In the hotter months (August – November) one feels the need for a short siesta after lunch. It is very uncommon for it to rain here during the dry season so, fortunately, humidity is kept at bay, but on the other hand, there is dust and a lot of it.
The aircraft has been prepped and the day has finally arrived for me to head to the bush. I routed via Jeki airfield, Lower Zambezi, to pick up an Australian couple who would join us at Tafika, Luangwa Valley. It was a quick sprint from Lusaka to Jeki in the cool morning air as the new engine still required to be operated at high power settings for the run in. The take-off out of Jeki, I thought would be a rather interesting one. I had eight people’s luggage, two of them that were missed on a connecting flight and a short (860m useable) runway. Read more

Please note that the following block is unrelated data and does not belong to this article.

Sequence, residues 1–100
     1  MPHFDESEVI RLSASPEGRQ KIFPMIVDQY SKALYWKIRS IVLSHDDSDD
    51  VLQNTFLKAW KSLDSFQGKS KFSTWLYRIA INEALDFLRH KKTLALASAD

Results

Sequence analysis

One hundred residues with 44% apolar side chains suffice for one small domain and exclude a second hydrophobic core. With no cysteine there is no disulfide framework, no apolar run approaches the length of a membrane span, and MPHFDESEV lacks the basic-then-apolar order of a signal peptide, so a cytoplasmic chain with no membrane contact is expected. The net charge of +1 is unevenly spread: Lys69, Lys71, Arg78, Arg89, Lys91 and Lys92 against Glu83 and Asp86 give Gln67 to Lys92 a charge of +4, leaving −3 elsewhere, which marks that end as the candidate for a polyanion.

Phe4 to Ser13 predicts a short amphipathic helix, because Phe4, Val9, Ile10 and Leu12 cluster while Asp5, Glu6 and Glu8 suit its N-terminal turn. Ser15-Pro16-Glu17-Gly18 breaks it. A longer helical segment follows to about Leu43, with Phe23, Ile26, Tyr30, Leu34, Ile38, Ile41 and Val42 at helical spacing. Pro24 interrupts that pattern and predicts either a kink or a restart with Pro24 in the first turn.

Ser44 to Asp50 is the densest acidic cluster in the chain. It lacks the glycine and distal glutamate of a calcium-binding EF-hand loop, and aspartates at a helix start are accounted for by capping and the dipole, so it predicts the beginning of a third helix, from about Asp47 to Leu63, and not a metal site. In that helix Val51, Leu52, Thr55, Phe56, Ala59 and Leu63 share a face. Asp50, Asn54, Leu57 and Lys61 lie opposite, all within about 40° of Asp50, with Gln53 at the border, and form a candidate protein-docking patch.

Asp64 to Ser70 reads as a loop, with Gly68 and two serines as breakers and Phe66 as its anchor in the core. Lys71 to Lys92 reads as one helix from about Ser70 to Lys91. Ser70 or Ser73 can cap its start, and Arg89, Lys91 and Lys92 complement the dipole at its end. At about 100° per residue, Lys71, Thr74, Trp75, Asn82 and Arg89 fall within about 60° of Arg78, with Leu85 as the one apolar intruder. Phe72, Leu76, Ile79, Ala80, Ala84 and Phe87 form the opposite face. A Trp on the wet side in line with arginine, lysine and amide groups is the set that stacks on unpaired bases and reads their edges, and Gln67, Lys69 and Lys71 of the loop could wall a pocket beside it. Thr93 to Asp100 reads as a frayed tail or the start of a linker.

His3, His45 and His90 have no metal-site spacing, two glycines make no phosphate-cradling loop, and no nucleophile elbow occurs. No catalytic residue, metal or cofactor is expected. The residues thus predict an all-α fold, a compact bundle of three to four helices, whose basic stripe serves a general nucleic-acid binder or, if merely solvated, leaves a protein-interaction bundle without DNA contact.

Every once in while a VIP shows up and this time it was my turn to be the VIP’s personal pilot for the day. It was strange that the company gave me these flights, as they were usually done by the experienced freelance pilots who have thousands of hours flight time over the whole of Namibia in bush planes. Film crew and scouts are notorious for being scared of small aircraft and typically request two experienced pilots on an aircraft for which one pilot is the norm.
So I’ve been told that the airlaw exams can sometimes be a tricky one to pass over here. But not for the reasons you might think. They are not too difficult to pass, but one just hopes that the person marking your paper aligns the memorandum correctly. In spectacular bureaucracy fashion, I went all out and wrote word for word what they required for the open book section. It left me writing 5 full pages and a slight carpal tunnel syndrome in my right wrist.